Antigen-specific cells and total IgG-secreting cells were quantified by an assay in which memory B cells were stimulated in vitro to differentiate into antibody-secreting cells, as standardized in our laboratory. Briefly, 1 million thawed PBMCs were placed in each well of a 24-well plate containing 1mL complete media alone or complete media containing 1μg/mL pokeweed mitogen. Cells were kept at 37°C for 3 days for differentiation, washed with complete media, counted, and distributed onto antigen-coated (10μg/mL) 96-well enzyme-linked immunospot (ELISPOT) plates overnight (Millipore). For the detection of total IgG-secreting cells, wells were precoated with 10μg/mL monoclonal antihuman IgG (MT91/145; Mabtech). As a negative control, wells were coated with the same amount of bovine serum albumin. Plates were then blocked with 10% fetal bovine serum in Roswell Park Memorial Institute (RPMI) 1640 media for 30 minutes at 37°C. Stimulated cells were counted and resuspended in fresh complete RPMI media before distribution onto control and antigen-coated wells (5×105 cells/well on a 96-well ELISPOT plate). Plates were then incubated at 37°C in a 5% CO2 incubator overnight and then washed with PBS at least 5 times. Next, 100μL of 1μg/mL biotinylated antihuman IgG antibodies (MT78/145; Mabtech) were added to the wells and incubated for 1 hour. After washing, streptavidin-alkaline phosphatase conjugate (1:1000) was added to the wells and incubated for 1 hour at 37°C. Plates were then washed 5 times with PBS before development with substrate (BCIP/NBT; Mabtech). Because of the low frequencies of antigen-specific antibody-secreting cells, developed spots were manually counted with the help of a dissection microscope. Antigen-specific data were expressed as a percentage of antigen-specific memory B cells and were calculated per million of PBMCs as follows: [(number of antigen-specific spots)/(number of total immunoglobulin spots)]×100.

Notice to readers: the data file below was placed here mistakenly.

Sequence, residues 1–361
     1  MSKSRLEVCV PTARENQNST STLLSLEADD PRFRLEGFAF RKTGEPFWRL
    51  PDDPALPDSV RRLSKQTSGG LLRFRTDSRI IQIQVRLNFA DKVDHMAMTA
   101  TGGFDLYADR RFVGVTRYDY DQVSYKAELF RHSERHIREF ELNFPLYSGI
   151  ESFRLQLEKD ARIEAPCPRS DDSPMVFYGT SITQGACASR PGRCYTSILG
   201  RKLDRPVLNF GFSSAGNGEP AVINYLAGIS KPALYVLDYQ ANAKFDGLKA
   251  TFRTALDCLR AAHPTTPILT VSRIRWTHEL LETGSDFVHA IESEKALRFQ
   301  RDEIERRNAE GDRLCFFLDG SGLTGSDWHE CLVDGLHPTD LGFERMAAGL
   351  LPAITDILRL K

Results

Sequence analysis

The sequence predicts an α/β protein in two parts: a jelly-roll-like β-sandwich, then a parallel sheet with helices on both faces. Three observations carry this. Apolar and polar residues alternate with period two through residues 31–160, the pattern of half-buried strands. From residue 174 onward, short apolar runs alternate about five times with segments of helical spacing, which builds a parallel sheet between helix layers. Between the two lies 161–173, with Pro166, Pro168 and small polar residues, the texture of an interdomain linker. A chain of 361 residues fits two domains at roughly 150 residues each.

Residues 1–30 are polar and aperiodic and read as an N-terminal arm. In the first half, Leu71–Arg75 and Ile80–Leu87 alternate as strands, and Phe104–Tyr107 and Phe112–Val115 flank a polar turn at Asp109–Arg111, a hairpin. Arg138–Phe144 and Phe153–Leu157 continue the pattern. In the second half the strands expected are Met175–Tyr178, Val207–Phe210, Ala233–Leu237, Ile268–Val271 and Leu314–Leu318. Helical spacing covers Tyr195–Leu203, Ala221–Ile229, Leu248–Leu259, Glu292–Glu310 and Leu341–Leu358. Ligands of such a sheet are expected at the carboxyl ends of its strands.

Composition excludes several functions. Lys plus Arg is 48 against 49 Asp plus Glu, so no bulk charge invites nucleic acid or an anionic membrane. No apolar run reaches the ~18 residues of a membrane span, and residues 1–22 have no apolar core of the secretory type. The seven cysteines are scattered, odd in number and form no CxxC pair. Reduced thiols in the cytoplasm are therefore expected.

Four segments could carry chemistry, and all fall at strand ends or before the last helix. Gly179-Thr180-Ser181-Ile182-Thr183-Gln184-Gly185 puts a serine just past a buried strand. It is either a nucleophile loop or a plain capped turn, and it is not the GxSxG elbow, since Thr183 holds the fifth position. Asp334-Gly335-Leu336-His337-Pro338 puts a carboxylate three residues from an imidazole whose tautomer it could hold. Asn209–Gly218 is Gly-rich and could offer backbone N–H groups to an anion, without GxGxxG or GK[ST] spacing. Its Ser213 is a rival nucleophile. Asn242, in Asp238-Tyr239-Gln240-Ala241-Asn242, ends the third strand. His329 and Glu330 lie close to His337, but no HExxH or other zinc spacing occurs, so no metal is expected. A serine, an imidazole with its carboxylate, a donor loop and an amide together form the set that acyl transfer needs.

All data were analyzed using Graph Pad Prism software. Two-tailed P values for the data were calculated using the Mann–Whitney U test.